TOKYO -- Japan's Justice Ministry says it is still in the process of creating documents elaborating on the developments leading up to a controversial bill to revise the Public Prosecutor's Office Act -- two and a half months after the Cabinet approved the bill.
The bill was shelved by the government and ruling coalition following a harsh opposition bloc and public backlash. Justice Minister Masako Mori promised the Diet in February that related records would be made, but it is now unclear whether they will be available by the end of the current Diet session scheduled to finish on June 17. The Justice Ministry has already failed to create the minutes of internal meetings over reinterpretation of the law to allow the retirement age of Hiromu Kurokawa, former chief of the Tokyo High Public Prosecutors Office, to be raised, highlighting its negligence in keeping records.
Under Article 4 of the Public Records and Archives Management Act, administrative bodies are required to create records to allow "logical inspection of the decision-making process," but the government of Prime Minister Shinzo Abe has come under fire time and time again for falsifying and discarding public records related to scandals involving school operators thought to be close to him or his wife, as well as those connected with controversial cherry blossom-viewing parties he hosted.
Regarding documents related to the process of drawing up the bill, Mori told a House of Representatives Budget Committee meeting on Feb. 27, "At the stage when the bill is finalized, related records will be managed to clarify the process, and necessary documents will also be created and managed." In her statement, she indicated that discussion between Vice-Minister of Justice Hiroyuki Tsuji and herself over the draft revision and the government's reinterpretation of the law, as well as dialogue between the Justice Ministry and Cabinet Legislation Bureau would be recorded in writing.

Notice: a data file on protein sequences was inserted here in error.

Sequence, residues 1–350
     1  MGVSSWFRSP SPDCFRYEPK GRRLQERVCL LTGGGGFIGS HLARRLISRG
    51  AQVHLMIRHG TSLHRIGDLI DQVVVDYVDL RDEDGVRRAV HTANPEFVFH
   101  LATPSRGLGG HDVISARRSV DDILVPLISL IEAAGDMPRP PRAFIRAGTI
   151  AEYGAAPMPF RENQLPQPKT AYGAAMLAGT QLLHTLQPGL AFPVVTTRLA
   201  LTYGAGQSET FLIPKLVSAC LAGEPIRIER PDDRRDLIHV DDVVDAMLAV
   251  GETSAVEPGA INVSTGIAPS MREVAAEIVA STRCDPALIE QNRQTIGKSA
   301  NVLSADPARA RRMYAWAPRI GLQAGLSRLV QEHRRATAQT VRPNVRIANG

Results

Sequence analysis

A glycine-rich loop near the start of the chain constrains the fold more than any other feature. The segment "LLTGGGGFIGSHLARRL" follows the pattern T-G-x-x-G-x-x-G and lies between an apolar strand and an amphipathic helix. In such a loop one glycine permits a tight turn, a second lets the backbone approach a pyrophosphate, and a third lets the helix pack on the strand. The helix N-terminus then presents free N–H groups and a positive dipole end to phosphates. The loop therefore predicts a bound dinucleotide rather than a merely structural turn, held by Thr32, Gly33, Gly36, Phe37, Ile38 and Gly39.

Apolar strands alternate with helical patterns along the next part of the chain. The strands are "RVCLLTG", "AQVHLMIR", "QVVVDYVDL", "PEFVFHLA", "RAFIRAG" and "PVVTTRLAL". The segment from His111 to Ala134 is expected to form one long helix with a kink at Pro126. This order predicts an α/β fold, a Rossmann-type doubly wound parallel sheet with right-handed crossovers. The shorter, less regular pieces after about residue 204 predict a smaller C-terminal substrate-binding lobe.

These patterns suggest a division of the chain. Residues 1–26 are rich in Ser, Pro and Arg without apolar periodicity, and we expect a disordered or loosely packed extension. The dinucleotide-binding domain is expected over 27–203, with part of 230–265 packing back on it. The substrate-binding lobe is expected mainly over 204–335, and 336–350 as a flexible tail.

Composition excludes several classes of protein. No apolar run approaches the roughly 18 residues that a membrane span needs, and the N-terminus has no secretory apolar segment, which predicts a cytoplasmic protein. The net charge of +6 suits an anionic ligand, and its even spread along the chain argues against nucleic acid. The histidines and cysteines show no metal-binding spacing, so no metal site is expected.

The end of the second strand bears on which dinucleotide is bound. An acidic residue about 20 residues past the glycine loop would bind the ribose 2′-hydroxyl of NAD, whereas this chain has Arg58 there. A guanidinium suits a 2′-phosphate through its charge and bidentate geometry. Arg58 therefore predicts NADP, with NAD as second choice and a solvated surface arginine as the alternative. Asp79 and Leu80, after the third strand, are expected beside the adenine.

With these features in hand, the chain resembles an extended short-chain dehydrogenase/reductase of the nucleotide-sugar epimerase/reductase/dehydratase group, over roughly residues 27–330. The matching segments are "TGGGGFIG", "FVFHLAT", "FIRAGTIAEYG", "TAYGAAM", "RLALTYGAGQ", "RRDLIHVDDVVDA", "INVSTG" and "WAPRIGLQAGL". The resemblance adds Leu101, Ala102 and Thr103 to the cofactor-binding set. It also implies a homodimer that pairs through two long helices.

A package of proposed legislative measures including the bill to revise the Public Prosecutor's Office Act to extend prosecutors' retirement age, were considered to have been "finalized" when the Abe Cabinet approved them on March 13. They were then sent to a House of Representatives plenary session for deliberation on April 16.
The Justice Ministry, however, told the Mainichi Shimbun on April 22 that related documents were "currently being written up." The ministry again told the Mainichi on May 29 that they were still being drawn up, saying that they "started on work to create related documents after the bill was approved in March."
The Abe government has been grilled in the current Diet session by the opposition camp over the controversial bill and the resignation of Kurokawa for playing mahjong for money with reporters. The proposed legislation's related documents, if presented, are likely to spark further clashes. The Justice Ministry told the Mainichi that there is "nothing to comment at the moment" as to when the documents would be completed. It is possible that the recording work will be pushed back until after the Diet session ends.
(Japanese original by Shinichi Akiyama, Political News Department)